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“Do not overrate what you have received, or envy others. He who envies others does not obtain peace of mind.”

Jacob Lewis, with a columbia.edu email address, wrote to me about this one:

“Do not overrate what you have received, or envy others. He who envies others does not obtain peace of mind.”

He said he’d seen it silk-screened on a tapestry in Asheville, NC.

It’s a rather odd, and slighly inaccurate, translation of the 365th verse of the Dhammapada. I’m rating this one as “Fakeish” rather than “Fake” because it’s simple a case of bad translation.

Here’s Buddharakhita’s translation:

One should not despise what one has received, nor envy the gains of others. The monk who envies the



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“Three things cannot be long hidden: the sun, the moon, and the truth.”

Today a non-Buddhist friend, trembling no doubt at the thought of incurring my wrath and scorn by posting a quotation erroneously attributed to the Buddha, asked me on Twitter whether “Three things cannot be long hidden: the sun, the moon, and the truth” was a genuine Buddha quote.

This is an interesting one. I’ve seen it around a lot on quotes sites and in books, mostly attributed to the Buddha (but once to Confucius and another time to Colin Powell) and it’s never rung any alarm bells. My instant gut response was it sounded like something the Buddha might have …

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“Be vigilant; guard your mind against negative thoughts.”

Someone recently wrote and asked about a quote he obviously had his suspicions about:

I’ve tried to track down the source of the quote “Be vigilant; guard your mind against negative thoughts” which circulates on the internet, but was not able to. Do you have any clue?

Although this turns out to be a quotation from the Dhammapada, my correspondent was right to be suspicious. As I wrote in reply,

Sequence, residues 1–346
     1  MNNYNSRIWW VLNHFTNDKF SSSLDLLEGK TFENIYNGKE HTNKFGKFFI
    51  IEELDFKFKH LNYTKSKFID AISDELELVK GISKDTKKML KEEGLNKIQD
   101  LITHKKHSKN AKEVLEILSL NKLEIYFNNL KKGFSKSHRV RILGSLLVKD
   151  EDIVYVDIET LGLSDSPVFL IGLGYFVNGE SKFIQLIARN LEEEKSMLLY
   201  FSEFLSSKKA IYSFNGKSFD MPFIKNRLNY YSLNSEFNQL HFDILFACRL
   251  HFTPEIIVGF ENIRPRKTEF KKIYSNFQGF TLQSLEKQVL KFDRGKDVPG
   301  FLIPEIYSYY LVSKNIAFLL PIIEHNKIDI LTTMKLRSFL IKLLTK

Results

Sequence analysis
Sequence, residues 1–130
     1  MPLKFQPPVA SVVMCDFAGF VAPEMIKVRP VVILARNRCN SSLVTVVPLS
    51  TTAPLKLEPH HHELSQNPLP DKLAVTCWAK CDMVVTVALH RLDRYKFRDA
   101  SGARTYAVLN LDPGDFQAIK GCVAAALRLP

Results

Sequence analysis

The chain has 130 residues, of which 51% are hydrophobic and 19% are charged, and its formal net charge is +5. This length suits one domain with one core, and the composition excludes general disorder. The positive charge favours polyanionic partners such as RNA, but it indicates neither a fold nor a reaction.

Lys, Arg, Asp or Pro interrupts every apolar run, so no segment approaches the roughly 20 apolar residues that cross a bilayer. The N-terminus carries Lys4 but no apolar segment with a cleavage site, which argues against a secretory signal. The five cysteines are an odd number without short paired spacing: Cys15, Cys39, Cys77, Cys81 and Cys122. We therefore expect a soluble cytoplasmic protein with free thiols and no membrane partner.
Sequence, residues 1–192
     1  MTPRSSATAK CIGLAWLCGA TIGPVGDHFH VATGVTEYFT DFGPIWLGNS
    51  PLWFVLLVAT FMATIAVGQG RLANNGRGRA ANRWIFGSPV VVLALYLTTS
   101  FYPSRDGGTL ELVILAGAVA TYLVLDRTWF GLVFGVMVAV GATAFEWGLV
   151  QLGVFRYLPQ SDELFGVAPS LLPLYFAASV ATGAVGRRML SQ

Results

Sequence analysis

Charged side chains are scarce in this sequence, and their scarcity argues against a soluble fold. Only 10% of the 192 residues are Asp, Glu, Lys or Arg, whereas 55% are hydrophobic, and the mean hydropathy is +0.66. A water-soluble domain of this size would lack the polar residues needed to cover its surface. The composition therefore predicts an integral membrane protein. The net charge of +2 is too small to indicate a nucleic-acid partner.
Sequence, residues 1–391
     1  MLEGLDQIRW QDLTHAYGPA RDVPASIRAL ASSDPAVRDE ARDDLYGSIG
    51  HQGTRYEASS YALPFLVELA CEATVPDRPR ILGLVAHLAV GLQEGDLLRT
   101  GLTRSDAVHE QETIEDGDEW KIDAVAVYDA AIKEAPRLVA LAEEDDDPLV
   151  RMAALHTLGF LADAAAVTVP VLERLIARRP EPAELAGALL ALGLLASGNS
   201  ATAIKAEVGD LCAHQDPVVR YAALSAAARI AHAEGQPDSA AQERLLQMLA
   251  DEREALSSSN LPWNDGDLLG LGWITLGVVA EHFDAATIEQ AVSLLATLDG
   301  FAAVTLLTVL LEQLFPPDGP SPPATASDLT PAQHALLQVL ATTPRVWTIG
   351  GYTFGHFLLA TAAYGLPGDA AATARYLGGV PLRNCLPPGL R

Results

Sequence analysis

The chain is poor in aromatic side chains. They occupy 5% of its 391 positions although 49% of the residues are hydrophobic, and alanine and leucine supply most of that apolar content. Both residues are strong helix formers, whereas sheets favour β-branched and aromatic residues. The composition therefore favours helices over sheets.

“Negative thoughts” is not an expression the Buddha would have used. It’s possible, though, that this is a paraphrase of “unskillful thoughts” or even “evil thoughts.”

It turns out that …

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“Endurance is one of the most difficult disciplines, but it is to the one who endures that the final victory comes.”

“Endurance is one of the most difficult disciplines, but it is to the one who endures that the final victory comes.”

This quote is suspect, seeming to have resulted from two separate statements having bee joined together. When I saw the first part I recognized it as stemming from the Dhammapada:

Enduring patience is the highest austerity.
“Nibbana is supreme,” say the Buddhas.
He is not a true monk who harms another,
nor a true renunciate who oppresses others.

So the first line more or less matches the start of the quote, but obviously there’s nothing in here about …

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“Neither fire nor wind, birth nor death can erase our good deeds.”

This is one I see on Twitter all the time. It’s a pretty much a genuine Buddha quote. It’s not quite fake, and not 100% accurate. I’m classing this as “fakeish.”

This is yet another quote from Jack Kornfield’s lovely little volume, Buddha’s Little Instruction Book (page 89). I like Jack’s little book, which is described as a “distillation” and “adaptation” of Buddhist teachings. Many of the sayings in the book seem to be of Jack’s own coinage, …

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“No one saves us but ourselves. No one can and no one may. We ourselves must walk the path.

This one struck me as suspicious, mainly because of the “no one can and no one may,” which doesn’t strike me as the kind of language the Buddha used. Actually, this turns out to be an example of a translation that is so liberal that the resemblance to the original becomes tenuous.

It’s part of a slightly longer verse passage recorded in an 1894 book, Karma: A Story of Buddhist Ethics, …

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“Thousands of candles can be lighted from a single candle, and the life of the single candle will not be shortened. Happiness never decreases by being shared.”

Someone on Facebook asked me about this one today:

“Thousands of candles can be lighted from a single candle, and the life of the single candle will not be shortened. Happiness never decreases by being shared.”

At first I thought this was a spurious quote, but it does in fact have a canonical origin, although it’s heavily modified. In a Chinese text known as the Sutra of 42 Sections, there’s the following passage:

10. The Buddha said, “Those who rejoice in seeing others observe the Way will obtain great blessing.” A Sramana asked the Buddha, “Would this blessing be



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